There’s so much to love here, especially the colorful, well-designed sets, Jerry Goldsmith’s great score, the cool handguns that cause a ball of fire to erupt on their target, the automated flying cleaners that spray acid onto newly terminated Runners, the convincing deterioration of Logan and Francis’ friendship, the memorably mad, seven-foot tall Box who’s obviously some bloke encased in shiny silver cardboard standing on a skateboard, and the younger cast members who look like they’re limbering up to appear in the next Pat Benatar video.
Sadly director Michael Anderson drops the ball when a catfight between Jenny and Farrah Fawcett lasts less than two seconds, surely depriving 70s cinema of one of its greatest scenes in which they roll around tearing each other’s clothes off. The pace also flags following the city exit where the running pair is sappily won over by the old-fashioned ramblings of an aging Peter Ustinov, who plays his part with a full range of tics like a chubby, pussy-obsessed Rain Man.
Still, there’s a fair bit of thought-provoking meat in this tasty sandwich. Walkabout perhaps illustrated a biblical story, but I see Run more as a religious allegory highlighting the dangers of blindly accepting ingrained beliefs. Sanctuary is a stand-in for heaven, people are happy to kill to protect the most ridiculous lies and… Hey, did I tell you at one point a lizard runs up Jenny’s lovely thigh and disappears under her mini-skirt?
Alex Price in An American Werewolf in London (1981)
First seen in a crisp white uniform opening a hospital room blinds, Alex Price is so wholesome and delectable throughout this horror classic that you’re unlikely to ever encounter a more idealized version of a nurse. This is a relentlessly compassionate caregiver. She’ll cut up your food and slip appetizing morsels into your mouth. She’ll sit alongside and read to you. She’s good with kids. She won’t arrange for you to be lobotomized like certain other nurses. And after you’ve been discharged, she’ll invite you into her warm bed, not even minding too much if you end up sprouting hair and fangs and slaughtering a whole bunch of people.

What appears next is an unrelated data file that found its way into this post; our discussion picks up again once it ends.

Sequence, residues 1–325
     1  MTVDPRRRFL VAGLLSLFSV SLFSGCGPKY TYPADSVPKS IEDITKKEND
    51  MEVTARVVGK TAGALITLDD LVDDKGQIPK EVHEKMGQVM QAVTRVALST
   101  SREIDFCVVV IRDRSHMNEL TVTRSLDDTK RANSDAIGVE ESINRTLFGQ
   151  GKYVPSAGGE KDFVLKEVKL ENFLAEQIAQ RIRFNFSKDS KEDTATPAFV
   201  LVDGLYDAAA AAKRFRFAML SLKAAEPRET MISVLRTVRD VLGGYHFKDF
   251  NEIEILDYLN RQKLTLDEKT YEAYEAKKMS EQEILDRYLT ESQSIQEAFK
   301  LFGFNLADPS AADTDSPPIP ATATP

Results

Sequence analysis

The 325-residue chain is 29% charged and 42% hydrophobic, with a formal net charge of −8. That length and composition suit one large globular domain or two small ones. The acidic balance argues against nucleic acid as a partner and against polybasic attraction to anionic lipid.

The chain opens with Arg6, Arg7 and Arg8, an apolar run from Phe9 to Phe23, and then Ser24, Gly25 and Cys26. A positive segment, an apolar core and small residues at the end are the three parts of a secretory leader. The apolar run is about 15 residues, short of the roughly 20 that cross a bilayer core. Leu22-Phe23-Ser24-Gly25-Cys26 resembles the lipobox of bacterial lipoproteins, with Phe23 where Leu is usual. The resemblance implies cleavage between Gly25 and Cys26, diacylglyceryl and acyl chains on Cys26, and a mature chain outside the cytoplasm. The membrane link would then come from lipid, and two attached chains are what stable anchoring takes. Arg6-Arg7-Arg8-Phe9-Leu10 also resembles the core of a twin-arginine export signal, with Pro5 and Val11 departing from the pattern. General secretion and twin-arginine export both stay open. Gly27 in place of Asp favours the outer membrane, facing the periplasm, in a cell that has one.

Christ, if you took a girl like this home to meet the folks they’d be offering to pay for a full-blown church wedding and month-long Caribbean honeymoon before the evening was out.
David Naughton is the lucky bastard on the end of her tender care after surviving an attack by a lycanthrope on the Yorkshire moors. Three weeks later he wakes up in a London hospital to be told his best mate is toast, an escaped lunatic was to blame, and there’s nothing more to be done. Well, who cares about such frivolities when Jenny’s at your bedside attending to your every whim? As a doctor tells him: “Nurse Price will see to all your needs.”
Too bloody right.
You can even tell the exact moment Naughton gets smitten. He wakes up in bed and secretly watches her stretch like some super sexy kitten with breasts and no fur. Before long she’s taken him back to her apartment. A steamy shower follows, allowing him to lather the small of her back in the shower as she nibbles his shoulder.
And of course that’s me in there with her. Every single time.
(Well, why bother with reality when fantasy is always so much more comforting? For the record I once had to go into a British hospital when my waterworks went wrong. Did I get to meet the equivalent of Nurse Price and bask in her saintly care? Did I fuck. But I can recall awkwardly lowering myself into a bath to soak off the bloodied dressings only for a stout, middle-aged nurse to barge in, stare between my legs and grunt in a vaguely contemptuous way: “Urgh! That looks sore.”)
Anyhow, American Werewolf is undoubtedly one of the great horror comedies, a Limey love letter that contains an extraordinary number of things aside from Jenny to recommend it. The mood is perfectly set by the opening shots of the chilly moors as the melancholy bars of Blue Moon spring up. Then there are the whacked-out regulars at The Slaughtered Lamb (“You made me miss”), some great jump out of your seat moments, and a startling transformation scene that remains the wolf’s bollocks. Not to mention a naked man running around London Zoo stealing balloons and a bunch of whiney undead in a porno theatre.
Still, it’s a little strange how a Yank like John Landis managed to make such a quintessentially English movie. This is a flick full of red telephone boxes, ridiculously polite, arrest-averse Bobbies on the beat, eccentric folk in centuries-old rural pubs, and businessmen with clipped accents carrying briefcases and furled umbrellas. Not to mention the shots of iconic landmarks like Tower Bridge, scenes set on the London Underground, and plentiful jokes about the crud weather, the Royal Family and tabloid newspapers.
And, of course, radiant at the centre of all this Englishness is Jenny Agutter, the supreme English rose.